Recently I had a conversation in which I wondered how many great painters are working today. A century ago, there was Matisse, Picasso, Rousseau, Mondrian, Kahlo, O'Keefe, Pollock, Dali, and more. Who can name anyone in their league today? The Dallas Museum of Art is currently showing an exhibition by Laura Owens, who it calls "one of the most influential artists of her generation." Well, OK.
A review in The New York Review of Books of this same exhibition at the Whitney Museum of American Art has this to day about the painting shown here:
Another of her works from 2013 is an almost twelve-foot-tall painting with line drawings of cats playing with balls of yarn dispersed over its white ground (see illustration above). Some drawings are carefully executed and others more slapdash; some are in plaid, others in the grid patterns that Owens is so fond of. Here and there are touches of spray paint in raspberry, yellow, and blue. It’s like a motif that one might find on a young girl’s flannel pajamas, something a sophisticated seven-year-old would find amusing and a bit arch. This is a painting that says: You want all-over? OK, how about this? This is the way to be ambitious now. You don’t always have to throw your Sunday punch.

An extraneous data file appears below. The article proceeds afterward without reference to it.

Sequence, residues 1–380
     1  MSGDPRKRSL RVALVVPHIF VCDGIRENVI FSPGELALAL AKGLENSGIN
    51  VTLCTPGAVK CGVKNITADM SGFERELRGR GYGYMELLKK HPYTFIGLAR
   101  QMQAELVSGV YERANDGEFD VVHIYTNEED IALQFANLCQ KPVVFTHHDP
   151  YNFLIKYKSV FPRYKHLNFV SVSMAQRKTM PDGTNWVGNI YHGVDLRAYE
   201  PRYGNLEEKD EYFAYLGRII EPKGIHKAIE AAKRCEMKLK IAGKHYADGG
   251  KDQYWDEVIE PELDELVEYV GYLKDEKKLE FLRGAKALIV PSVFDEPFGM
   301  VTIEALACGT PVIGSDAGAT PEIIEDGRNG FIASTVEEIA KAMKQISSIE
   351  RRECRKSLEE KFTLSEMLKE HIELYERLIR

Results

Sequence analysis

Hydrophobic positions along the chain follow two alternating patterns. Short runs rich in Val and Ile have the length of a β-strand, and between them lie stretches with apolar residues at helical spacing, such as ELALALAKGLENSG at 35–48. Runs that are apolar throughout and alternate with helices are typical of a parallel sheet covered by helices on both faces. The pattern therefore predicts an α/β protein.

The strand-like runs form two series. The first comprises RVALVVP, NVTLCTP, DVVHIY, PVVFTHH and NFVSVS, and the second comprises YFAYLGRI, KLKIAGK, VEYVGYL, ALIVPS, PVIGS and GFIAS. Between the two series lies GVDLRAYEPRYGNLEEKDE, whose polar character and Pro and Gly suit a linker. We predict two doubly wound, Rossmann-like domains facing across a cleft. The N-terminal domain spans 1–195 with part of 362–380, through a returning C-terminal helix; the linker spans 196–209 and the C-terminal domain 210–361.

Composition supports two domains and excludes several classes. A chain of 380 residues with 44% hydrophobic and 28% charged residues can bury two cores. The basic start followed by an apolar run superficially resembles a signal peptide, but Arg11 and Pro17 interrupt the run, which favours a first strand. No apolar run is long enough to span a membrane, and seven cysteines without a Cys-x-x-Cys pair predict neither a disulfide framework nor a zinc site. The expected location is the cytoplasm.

Source: David Salle.
"A young girl's flannel pajamas." Nailed it. Other "paintings" feature felt, needlework, silkscreen, digital printing, buttons (!) and other techniques that leave the whole exhibition feeling more than a little haphazard. Halfway through the exhibit I decided that if it wasn't for the sign at the entrance of the exhibition, one might have a hard time knowing they were all done by the same artist. The DMA calls the exhibition a "mid-career survey." I just hope that Laura Owens finds something she really likes and works at it to get really good at that.